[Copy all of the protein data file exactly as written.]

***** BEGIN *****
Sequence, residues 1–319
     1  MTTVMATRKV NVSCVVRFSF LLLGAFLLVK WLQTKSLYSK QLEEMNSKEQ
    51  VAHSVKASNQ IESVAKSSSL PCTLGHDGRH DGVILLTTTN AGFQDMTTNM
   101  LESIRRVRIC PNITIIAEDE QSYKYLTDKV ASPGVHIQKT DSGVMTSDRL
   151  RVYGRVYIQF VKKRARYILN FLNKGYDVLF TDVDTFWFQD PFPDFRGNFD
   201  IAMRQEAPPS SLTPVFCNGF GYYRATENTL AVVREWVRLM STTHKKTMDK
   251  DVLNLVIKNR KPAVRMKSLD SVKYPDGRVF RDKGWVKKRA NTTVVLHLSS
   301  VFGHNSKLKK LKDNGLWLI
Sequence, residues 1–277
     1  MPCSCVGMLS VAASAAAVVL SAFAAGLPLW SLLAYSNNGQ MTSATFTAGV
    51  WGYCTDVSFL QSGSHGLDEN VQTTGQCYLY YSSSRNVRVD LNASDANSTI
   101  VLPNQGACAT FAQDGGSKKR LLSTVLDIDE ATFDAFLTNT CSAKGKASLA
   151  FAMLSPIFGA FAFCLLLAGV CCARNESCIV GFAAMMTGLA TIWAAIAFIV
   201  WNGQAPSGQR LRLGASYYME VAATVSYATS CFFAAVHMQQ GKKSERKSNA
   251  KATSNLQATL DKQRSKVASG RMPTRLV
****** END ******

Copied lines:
Sequence, residues 1–319
     1  MTTVMATRKV NVSCVVRFSF LLLGAFLLVK WLQTKSLYSK QLEEMNSKEQ
    51  VAHSVKASNQ IESVAKSSSL PCTLGHDGRH DGVILLTTTN AGFQDMTTNM
   101  LESIRRVRIC PNITIIAEDE QSYKYLTDKV ASPGVHIQKT DSGVMTSDRL
   151  RVYGRVYIQF VKKRARYILN FLNKGYDVLF TDVDTFWFQD PFPDFRGNFD
   201  IAMRQEAPPS SLTPVFCNGF GYYRATENTL AVVREWVRLM STTHKKTMDK
   251  DVLNLVIKNR KPAVRMKSLD SVKYPDGRVF RDKGWVKKRA NTTVVLHLSS
   301  VFGHNSKLKK LKDNGLWLI
Sequence, residues 1–277
     1  MPCSCVGMLS VAASAAAVVL SAFAAGLPLW SLLAYSNNGQ MTSATFTAGV
    51  WGYCTDVSFL QSGSHGLDEN VQTTGQCYLY YSSSRNVRVD LNASDANSTI
   101  VLPNQGACAT FAQDGGSKKR LLSTVLDIDE ATFDAFLTNT CSAKGKASLA
   151  FAMLSPIFGA FAFCLLLAGV CCARNESCIV GFAAMMTGLA TIWAAIAFIV
   201  WNGQAPSGQR LRLGASYYME VAATVSYATS CFFAAVHMQQ GKKSERKSNA
   251  KATSNLQATL DKQRSKVASG RMPTRLV